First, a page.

When it comes to television, the percentage is closer to 99%. Commercial TV (like commercial radio) was created to make money by selling advertising time. The quality didn't matter, as long as people watched and listened.

    Executives and producers eventually discovered that the most-watched programming was what came to be dubbed "the least-offensive alternative". This was a polite way of saying that, given a choice, the audience would most-likely watch the least-challenging, most mind-numbing program. Rather than, say, shutting off the TV and reading a good book, or having a worthwhile conversation.

    This was probably the audience producer David Dortort was aiming at. "Bonanza" was one of the worst Westerns, and one of the very worst TV "dramas". There's almost nothing believable, let alone plausible, about it.

    When there's a moral conflict, the Cartwrights are almost always on the side of modern, liberal thought, ignoring the fact that their position as wealthy landowners and exploiters of cheap labor would likely have put them on the opposite side. (This distortion is hardly unique to "Bonanza". It occurs in just about every TV Western. See my review of "Doctor Quack, Modern Woman".)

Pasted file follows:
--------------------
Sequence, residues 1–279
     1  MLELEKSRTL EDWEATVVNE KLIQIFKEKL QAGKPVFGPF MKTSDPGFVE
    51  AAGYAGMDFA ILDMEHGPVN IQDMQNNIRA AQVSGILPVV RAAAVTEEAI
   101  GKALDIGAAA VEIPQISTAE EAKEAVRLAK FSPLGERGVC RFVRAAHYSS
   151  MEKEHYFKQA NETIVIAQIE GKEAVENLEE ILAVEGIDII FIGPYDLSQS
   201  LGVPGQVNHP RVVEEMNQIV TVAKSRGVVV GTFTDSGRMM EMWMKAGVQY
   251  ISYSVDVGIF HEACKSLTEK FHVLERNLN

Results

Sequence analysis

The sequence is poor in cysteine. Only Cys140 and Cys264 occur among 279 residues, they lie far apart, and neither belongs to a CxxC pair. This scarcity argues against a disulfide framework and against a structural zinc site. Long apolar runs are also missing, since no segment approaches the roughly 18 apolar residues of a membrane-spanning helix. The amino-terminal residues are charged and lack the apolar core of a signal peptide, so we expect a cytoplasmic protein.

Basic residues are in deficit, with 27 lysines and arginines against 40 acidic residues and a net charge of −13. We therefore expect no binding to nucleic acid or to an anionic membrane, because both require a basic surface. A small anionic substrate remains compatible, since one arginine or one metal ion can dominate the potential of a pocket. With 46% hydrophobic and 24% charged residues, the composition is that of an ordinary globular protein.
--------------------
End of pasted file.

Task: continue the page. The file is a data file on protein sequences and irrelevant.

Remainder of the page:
The stories are usually trite, with predictable endings that rarely show any imaginative insight or "twist". "Bonanza" isn't afraid of "serious social issues", but they're handled in a shallow and unnuanced way. "Morally confused" people are almost always reformed.

    I have yet to see a single episode that meets the //minimum// standards of scripting one would expect from a "quality" television program or motion picture. Some episodes -- such as "A Dollar's Worth of Trouble" -- seem to have been written by people who had never written anything more sophisticated than a sitcom. Even "Bonanza"'s dismal distaff Doppleganger, "The Big Valley", had several outstanding episodes. And "The Rifleman" (which sometimes verged on self-parody) had superb episodes (mostly from Sam Peckinpah and Cyril Hume).